Your Data isn’t a “Dirty” little secret

Published On - July 24, 2018 channeleyes     Analytics

“My data is filthy.” “My data is terrible.” These are often the first two things we hear when we begin chatting about a data analytics engagement with a potential customer. Everyone thinks their data is messier and more complicated than everyone else. While sometimes it turns out to be the case, we data scientists have developed a pretty good toolkit to clean things up.

We call this process “ETL” Extract, Transform and Load. Let’s take a look at a particular example and how we’re able to clean the data to get a clear picture of what’s happening. One of our customers is a large B2B hard goods retailer. They work through a network of dealers and generate roughly $1.5B a year in sales. That’s around a million transactions per year, a pretty significant chunk of data. Let’s say we made a sale to O’Connors (an Irish pub in Troy, NY). That’s great, then we made a sale to OConnors (the same Irish Pub) and then a few months later we made a sale to O-Connors Irish Pub (same place). So my simple analysis says we’ve got three differently named customers – but that’s not really the case. This kind of variation is incredibly common in sales transactions. So what do we do?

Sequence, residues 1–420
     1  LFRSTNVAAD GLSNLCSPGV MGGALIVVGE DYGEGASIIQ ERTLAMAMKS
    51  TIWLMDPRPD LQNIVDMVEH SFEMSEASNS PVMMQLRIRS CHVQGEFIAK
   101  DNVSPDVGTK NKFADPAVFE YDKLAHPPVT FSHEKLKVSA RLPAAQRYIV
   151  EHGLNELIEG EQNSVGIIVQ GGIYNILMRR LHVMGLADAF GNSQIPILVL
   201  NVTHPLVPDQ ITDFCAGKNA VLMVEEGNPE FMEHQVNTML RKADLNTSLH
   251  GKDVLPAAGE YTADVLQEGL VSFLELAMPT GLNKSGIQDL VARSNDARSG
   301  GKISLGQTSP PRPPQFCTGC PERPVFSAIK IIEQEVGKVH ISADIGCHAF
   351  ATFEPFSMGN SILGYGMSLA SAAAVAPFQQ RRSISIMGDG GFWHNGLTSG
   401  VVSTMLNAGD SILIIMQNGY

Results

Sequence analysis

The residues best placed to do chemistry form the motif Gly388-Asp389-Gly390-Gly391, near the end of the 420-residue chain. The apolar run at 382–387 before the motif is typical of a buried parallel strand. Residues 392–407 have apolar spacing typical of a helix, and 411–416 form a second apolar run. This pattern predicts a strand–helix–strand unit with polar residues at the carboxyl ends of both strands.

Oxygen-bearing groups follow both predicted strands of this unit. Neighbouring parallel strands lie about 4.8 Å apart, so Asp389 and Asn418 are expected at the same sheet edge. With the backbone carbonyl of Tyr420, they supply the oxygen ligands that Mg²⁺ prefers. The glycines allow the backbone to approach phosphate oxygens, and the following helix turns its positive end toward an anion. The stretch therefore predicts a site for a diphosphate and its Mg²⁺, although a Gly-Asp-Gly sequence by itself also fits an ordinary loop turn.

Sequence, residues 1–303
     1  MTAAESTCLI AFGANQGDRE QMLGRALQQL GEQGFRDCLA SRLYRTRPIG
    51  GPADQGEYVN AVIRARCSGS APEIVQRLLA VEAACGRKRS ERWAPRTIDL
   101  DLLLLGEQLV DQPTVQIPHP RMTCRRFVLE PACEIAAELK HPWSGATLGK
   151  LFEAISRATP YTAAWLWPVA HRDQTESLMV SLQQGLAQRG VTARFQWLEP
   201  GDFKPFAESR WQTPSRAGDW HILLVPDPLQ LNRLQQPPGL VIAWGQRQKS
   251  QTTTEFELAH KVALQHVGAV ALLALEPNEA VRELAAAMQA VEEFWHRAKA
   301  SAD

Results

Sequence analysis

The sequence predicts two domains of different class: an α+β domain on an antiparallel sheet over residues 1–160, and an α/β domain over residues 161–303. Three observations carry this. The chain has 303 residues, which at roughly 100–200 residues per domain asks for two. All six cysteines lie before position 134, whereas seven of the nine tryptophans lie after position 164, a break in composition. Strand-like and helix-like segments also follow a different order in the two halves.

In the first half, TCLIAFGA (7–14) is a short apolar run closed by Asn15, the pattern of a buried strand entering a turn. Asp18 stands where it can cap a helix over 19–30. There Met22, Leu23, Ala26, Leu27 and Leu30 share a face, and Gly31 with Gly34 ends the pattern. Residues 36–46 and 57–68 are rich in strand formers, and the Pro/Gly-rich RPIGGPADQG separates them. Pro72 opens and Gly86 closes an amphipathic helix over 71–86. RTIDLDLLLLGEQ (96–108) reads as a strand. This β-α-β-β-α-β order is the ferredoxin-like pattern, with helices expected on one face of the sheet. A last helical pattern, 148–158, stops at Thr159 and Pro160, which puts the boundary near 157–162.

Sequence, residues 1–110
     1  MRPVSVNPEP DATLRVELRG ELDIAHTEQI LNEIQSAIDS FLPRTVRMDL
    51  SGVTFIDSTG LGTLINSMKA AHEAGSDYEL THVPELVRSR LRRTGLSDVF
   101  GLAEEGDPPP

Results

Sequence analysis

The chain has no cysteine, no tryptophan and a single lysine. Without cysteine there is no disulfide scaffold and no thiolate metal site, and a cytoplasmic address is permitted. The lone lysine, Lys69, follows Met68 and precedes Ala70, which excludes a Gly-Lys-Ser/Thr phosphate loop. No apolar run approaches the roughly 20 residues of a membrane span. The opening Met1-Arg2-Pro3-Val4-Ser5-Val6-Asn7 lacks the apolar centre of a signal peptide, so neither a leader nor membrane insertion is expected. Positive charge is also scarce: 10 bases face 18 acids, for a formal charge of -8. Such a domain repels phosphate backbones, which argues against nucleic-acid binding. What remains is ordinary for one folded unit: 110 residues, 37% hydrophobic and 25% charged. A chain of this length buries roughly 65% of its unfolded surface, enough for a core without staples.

First off, we can do some textual analysis to match up the names. At the most basic level, we simply eliminate capitalization and punctuations. This usually gets us 30% of the way there. Next, we can use “fuzzy matching,” which matches names which are “close” to each other, and “phonetic matching” which gets us similar sounding names. Now we’re about 60% of the way there. Finally, we can use the address. Often, however, these will have the same issues – so do I need to do everything again? No, because it turns out that address standardization is a solved problem. Think of all the people who use GPS’s and type their addresses in multiple ways. Google (or the GPS provider) needs to convert them to a “standard” form to match against them. So, we use the same technique and identify that all the O’Connors are at the same address. At this point we can make a pretty safe assumption they are the same business. That gets us to 90% of the way there.

I wish I could tell you I had a magic wand for the last 10%, but I don’t. This comes down to an efficient process of identifying the potential problem accounts and some level of examination. Even when I sell to thousands of accounts, the number we’re left with at the end usually turns out to be manageable.

In summary, your data is probably not much worse than everyone else’s, and it’s often possible to do most of “record-linking” and cleaning using an automated process and then finishing up with some manual data inspection.